The definition of sanitation would broadly include the following: facilities and provisions that ensure a hygienic environment in order to eliminate major diseases and health issues. This would entail the containment and treatment of human faeces as well as the management of waste and waste water. However, the overwhelming impression we got during our investigation into the implementation of the Swachh Bharat Mission sanitation scheme, particularly the construction of household toilets in Ranchi, was that the larger, more layered problem of sanitation had been reduced to the provision of individual household toilets. As a result, many crucial components were neglected.

There were many signs pointing us to this conclusion. One of them was the fact that the topic of insanitary toilets never came up, whether in our interactions with beneficiaries or the team working as the Project Monitoring Committee (PMC) for the SBM, essentially monitoring the process of providing toilets with the Ranchi Municipal Corporation (RMC). It seemed that mere access to toilets was sufficient; whether those toilets are sanitary or not did not matter. However, insanitary toilets are just as likely to raise sanitation problems especially for those who clean them. In this way, insanitary toilets perpetuate issues of caste-based manual scavenging. The conversion of insanitary toilets into proper toilets distinctly features in the SBM Guidelines, proving that on the ideation level at least, there was a clear understanding of the health and human rights issues stemming from insanitary toilets. Yet the silence on this topic spoke volumes on what was being done on-ground - absolutely nothing.

The very first toilet we came across during our visits to the slums in Ranchi was an insanitary toilet. It emitted a foul stench; the slum dweller that led us to it had warned us it would be dirty because she explained that it was an open toilet with no door, which community members, other than their extended family, also used often. There was on one end, a urinal which basically consisted of a hole leading to an outer mud lane and on the other end a pit hole. There were no drainage provisions. Right before taking us to the toilet, the slum dweller had requested one of the adolescent girls to quickly go fetch some water and clean it up. She explained that there was no water available readily and one had to fetch some from the hand pump. Sensing her embarrassment, I assured her that it would not be necessary as we would just take a quick look. The toilet was shared by 20-odd members of the extended family. When we enquired how they would manage to share one toilet amongst so many of them, she answered that you learn to adjust.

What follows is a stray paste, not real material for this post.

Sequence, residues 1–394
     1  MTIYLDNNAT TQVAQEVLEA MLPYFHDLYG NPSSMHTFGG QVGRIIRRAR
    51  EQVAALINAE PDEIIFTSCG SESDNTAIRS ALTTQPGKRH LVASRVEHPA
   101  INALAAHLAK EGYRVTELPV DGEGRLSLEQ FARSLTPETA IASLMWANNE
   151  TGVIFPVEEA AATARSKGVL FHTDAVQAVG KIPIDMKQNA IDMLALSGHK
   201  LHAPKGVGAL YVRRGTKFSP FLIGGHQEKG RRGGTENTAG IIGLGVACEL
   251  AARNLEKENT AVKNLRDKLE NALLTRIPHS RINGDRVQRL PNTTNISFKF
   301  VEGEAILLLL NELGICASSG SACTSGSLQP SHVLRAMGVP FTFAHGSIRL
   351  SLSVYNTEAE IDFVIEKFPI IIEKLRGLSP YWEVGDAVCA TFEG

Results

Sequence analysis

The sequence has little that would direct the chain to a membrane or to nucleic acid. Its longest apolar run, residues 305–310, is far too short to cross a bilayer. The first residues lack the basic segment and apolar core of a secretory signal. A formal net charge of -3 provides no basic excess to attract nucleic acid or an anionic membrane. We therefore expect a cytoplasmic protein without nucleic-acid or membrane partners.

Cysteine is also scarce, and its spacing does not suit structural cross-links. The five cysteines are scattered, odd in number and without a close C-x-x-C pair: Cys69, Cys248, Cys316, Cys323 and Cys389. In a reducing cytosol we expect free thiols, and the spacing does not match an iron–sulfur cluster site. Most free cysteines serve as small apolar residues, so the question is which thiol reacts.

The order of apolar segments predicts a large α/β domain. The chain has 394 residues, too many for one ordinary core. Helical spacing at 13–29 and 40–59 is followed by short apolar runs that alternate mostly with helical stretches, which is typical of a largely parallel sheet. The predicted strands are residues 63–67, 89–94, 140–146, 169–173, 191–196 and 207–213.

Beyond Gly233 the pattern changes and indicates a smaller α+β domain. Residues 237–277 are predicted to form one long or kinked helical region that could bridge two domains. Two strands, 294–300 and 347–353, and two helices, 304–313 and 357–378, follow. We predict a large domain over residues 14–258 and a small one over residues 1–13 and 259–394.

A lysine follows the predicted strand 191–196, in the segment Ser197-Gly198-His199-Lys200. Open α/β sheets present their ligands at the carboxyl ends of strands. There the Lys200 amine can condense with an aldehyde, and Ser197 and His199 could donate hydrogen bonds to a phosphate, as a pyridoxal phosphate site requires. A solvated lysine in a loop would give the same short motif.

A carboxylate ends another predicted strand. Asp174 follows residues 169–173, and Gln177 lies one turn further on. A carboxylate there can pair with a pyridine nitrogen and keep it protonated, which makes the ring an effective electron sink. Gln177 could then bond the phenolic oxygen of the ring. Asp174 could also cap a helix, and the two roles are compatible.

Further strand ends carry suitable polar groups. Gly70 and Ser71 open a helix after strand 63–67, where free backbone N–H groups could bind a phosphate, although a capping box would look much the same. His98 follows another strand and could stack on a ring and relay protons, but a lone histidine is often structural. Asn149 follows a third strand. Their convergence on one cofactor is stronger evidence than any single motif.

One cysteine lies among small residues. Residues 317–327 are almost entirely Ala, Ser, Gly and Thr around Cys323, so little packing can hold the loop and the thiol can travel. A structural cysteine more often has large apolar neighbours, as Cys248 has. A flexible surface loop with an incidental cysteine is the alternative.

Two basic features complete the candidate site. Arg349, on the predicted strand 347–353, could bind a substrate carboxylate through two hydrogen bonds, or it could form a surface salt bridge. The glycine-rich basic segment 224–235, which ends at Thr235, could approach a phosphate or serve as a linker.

This made us think that perhaps the SBM scheme had not adequately taken into account the sizes of poor Indian households where, due to high flow of migration towards cities and lack of land, there is a trend observed of urban families increasingly choosing to live as joint families. We sensed in the slum dweller’s vague reply that the adjustment could involve certain members resorting to open defecation. There is much coverage about how open defecation prevails despite households owning toilets due to caste cultural preferences but this interaction indicated that there could be practical reasons for the continuance of this practice as well.

Proper sanitation wasn’t guaranteed even for those who were availing the scheme. As expanded in the blog covering the quality of toilets being built through the SBM, beneficiaries are left to build toilets on their own with no support or awareness given for the various technical factors that need to be factored in for safe and hygienic construction. It also covers how the state of sewage treatment is extremely poor. The scheme allowed people to build toilets but has failed to guarantee adequate sanitation.

Another prominent sign leading to our final conclusion was that there seemed to be no visible indication of any ongoing work towards constructing community or public toilets. The PMC staff informed us that there had been no case of community toilet construction in any of the wards they were monitoring. As for the construction of public toilets, this was precisely one of the suggestions a PMC member mentioned when we enquired about what requires more focus under SBM. He believed that the individual toilets component had been adequately dealt with and now attention needs to be directed towards public toilets giving the example of a locality where several school bus drivers congregated and had no place to relieve themselves, hence resorted to openly urinating in public.

Our conversation with a slum dweller served as additional proof for the need for public toilet facilities. She mentioned that during Christmas, there were events held on the vacant plot beside the slum. As there are no public toilets here, residents of the slum are either forced to relieve themselves in the open or walk back home. Moreover, outsiders who participate in these events have no place to go and resort to relieving themselves in the open, hence making the slum dwellers vulnerable to the hazards of poor sanitation.

By ignoring key components such as the construction of community and public toilets as well as by failing to provide proper technical support for the building of new toilets or converting insanitary toilets, even though more households than ever will be able to own individual toilets through the SBM, the real issues of poor sanitation have not been adequately dealt with.